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Lesson 3: Baya Bols
Lesson 2 introduced to the concept of the bols. We examined the world of dayan bols. Today, we will examine baya bols. Recall from Lesson 1 that the baya is the bass drum.
CLOSED BOLS – Lack of resonance
This is the general term given to a closed baya bol. Generally, it is done by taking the full hand and striking the baya head causing no resonance. The general concept of this bol is quite simple. There are three types of ka bols.
Soft ka – The method shown above describes a soft ka. The full palm covers the puri as shown above.
Using the “rotation” motion that was discussed in Lesson 2 with “ti”, supinate the hand inward using the knuckles (second set) and strike the center of syahi causing a loud “crack” sound. If you can’t use the second set, then the first set is also fine.
Finger ka – Cuff the palm, as if you were to do the cobra position of the “ga/gin” bol (see bol below) and flick the maidan or syahi (kinar is fine, though it doesn’t produce a strong sound). LISTEN
This rendition of ka is optional for this course.
OPEN BOLS – Full of resonance
This bol is created by taking the baya hand and striking the syahi causing a loud bass sound. This is by far the most popular open bol that is heard in mridanga. It is very important to be able to have a strong bass sound that sounds clear and free from any symptoms of non-resonance. Listen to this bol by clicking on the puri.
This is a softer version of gha. It is played by placing the wrist on one end of the syahi and striking with the index or middle-ring fingers on the maidan opposite to the wrist. Only middle finger is not preferred as it will hinder baya hand sound control. The ring finger alone is too weak to produce a strong ga sound. Remember that the ga is a open sound, but it is not meant to be as loud and powerful as gha. Compare ga with gha by listening to the sound files.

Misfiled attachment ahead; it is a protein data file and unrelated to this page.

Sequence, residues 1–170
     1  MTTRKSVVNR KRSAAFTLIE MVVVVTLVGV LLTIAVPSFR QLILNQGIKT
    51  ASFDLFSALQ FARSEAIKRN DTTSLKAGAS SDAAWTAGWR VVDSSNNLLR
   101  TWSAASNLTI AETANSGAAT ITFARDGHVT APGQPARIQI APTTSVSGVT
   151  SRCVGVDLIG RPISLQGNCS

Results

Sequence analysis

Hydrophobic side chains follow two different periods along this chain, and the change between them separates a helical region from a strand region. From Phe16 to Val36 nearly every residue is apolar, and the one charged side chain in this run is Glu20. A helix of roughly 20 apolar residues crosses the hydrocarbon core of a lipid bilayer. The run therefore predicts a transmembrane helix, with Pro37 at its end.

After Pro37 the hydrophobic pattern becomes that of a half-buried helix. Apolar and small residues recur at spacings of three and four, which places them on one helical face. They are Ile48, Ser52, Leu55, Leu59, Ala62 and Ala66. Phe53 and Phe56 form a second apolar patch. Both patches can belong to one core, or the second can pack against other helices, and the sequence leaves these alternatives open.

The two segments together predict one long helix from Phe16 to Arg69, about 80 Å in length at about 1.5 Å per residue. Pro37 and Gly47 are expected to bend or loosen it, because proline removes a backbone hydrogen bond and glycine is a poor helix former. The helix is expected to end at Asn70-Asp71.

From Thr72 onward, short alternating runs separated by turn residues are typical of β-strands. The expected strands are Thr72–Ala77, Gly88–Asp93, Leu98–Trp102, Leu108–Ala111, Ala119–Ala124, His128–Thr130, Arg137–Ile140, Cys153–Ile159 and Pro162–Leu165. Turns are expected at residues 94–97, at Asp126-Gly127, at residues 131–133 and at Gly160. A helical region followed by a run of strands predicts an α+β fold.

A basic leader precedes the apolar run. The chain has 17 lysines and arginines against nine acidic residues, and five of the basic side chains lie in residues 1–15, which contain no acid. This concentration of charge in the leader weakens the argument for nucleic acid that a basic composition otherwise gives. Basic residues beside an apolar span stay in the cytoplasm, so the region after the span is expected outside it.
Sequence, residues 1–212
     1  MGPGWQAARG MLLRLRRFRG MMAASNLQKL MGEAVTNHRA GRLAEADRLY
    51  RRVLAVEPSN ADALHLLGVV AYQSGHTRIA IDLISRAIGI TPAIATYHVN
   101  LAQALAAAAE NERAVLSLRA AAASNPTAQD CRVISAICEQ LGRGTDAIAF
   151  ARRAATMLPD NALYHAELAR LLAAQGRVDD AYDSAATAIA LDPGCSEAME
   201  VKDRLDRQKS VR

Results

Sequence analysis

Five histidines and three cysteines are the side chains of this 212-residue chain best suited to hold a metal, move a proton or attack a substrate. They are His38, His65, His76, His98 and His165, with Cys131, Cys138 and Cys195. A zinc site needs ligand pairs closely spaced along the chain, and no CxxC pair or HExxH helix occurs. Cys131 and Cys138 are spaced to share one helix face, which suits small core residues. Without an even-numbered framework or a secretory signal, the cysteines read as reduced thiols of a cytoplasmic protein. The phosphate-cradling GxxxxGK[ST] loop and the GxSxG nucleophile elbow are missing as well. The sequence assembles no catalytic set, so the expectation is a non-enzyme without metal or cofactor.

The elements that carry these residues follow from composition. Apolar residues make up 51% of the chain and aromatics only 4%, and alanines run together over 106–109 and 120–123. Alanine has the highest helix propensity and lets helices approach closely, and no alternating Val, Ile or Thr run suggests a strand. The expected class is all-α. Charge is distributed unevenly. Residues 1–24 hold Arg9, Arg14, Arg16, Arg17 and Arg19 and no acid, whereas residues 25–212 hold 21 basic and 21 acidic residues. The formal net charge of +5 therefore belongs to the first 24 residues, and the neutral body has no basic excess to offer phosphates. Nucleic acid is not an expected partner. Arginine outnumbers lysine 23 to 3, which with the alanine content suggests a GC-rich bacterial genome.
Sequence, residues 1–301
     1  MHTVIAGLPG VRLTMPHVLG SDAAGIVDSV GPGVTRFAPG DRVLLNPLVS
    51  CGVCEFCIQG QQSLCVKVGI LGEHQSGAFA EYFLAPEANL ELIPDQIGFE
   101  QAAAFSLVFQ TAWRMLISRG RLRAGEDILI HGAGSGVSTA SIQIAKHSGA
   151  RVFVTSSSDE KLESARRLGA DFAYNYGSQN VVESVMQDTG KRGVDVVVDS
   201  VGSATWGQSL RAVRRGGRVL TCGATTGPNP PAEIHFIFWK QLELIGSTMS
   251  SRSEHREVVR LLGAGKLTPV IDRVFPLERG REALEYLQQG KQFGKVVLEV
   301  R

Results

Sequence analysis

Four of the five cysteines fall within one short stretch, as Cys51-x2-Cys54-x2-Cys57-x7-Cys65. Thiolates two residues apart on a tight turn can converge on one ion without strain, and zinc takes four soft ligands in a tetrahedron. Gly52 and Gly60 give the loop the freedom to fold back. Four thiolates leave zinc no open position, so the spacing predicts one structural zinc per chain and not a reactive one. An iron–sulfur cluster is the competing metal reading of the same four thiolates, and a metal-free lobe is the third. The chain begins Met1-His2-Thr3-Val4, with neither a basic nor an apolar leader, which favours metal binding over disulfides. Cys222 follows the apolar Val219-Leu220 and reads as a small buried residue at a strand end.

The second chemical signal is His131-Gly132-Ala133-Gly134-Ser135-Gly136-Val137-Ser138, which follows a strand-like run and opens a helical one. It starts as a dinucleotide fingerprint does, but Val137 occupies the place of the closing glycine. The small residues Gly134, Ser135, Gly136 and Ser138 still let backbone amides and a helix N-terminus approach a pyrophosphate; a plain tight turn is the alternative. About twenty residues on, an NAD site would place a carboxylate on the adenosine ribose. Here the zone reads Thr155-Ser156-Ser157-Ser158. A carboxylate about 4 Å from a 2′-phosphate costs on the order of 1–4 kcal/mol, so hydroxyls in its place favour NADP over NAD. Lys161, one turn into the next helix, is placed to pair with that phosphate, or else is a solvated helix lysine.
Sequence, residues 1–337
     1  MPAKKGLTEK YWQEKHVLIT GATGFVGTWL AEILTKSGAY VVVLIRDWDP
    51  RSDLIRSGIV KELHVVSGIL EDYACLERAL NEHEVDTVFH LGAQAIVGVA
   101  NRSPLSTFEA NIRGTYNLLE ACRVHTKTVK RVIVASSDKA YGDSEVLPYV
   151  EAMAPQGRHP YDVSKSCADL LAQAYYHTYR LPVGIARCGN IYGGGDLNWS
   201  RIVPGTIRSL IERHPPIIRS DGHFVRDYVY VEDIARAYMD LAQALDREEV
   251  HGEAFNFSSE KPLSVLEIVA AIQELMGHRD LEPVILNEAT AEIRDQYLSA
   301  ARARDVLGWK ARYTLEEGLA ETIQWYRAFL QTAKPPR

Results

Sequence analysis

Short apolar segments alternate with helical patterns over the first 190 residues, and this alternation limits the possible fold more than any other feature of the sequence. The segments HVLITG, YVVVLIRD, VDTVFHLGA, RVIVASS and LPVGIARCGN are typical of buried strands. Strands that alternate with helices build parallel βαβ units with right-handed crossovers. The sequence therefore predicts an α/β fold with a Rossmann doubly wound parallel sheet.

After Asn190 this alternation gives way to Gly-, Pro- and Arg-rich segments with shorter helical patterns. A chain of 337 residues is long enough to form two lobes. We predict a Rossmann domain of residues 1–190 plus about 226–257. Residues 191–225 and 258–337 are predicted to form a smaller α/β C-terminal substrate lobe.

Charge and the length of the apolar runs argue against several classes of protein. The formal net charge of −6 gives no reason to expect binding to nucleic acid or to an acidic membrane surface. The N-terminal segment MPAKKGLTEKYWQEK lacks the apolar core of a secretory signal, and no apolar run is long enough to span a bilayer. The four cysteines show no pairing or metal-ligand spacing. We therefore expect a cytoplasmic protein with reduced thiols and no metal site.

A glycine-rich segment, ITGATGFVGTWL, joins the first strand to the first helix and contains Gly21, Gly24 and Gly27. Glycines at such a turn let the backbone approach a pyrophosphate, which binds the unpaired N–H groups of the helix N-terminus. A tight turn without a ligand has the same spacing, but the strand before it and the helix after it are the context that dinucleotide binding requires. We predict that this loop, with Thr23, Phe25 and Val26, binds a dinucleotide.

This bol essentially a sliding ga. Sliding across the syahi causes the pitch on the baya to change. This bol is done as a simultaneous act of playing ga with the fingers and sliding the wrist across the puri of the baya. For those new to the khol, it becomes a very difficult task to produce a clean sound. To master this bol requires constant practice.
The best way to practice this, initially, is to play ga and then slide constantly. Then, a smooth transition will come where it becomes simultaneous.
This bol is also known as jin.
This is an optional bol for this course.
For dayan bols, each bol has one unique name. For example, tā is always tā. Changing the vowel to te or ti will imply two different bols. This is not the case in the baya bols, however. In the baya bols, there is a great deal of vowel tolerance. A reason for this may be due to the fact that baya bols are very much prone to pitch fluctuation. In order to represent them, musicians will say the bols and often change the vowels of the baya bols to show how much of a pitch fluctuation is required. Pitch fluctuation was more of an aesthetic property rather than a required property. In fact, this khol course will hold up to the same standards of the gin bols being an aesthetic property. First, rhythms should be studied. Then the aesthetic gins may be added. For now, just learn the bols independently, for now. And also remember that dayan bols show little tolerance. Baya bols, however, show great vowel tolerance.
ga = ge = gi
gha = ghe = ghi
ka = ke = ki
Unlike Lesson 2, there is no “practical” part to this lesson quite yet. It will be demonstrated, along with Lesson 4 practice in Lesson 5.
·VIDEO CLIP 3: Baya Bols
UPDATED: November 27, 2013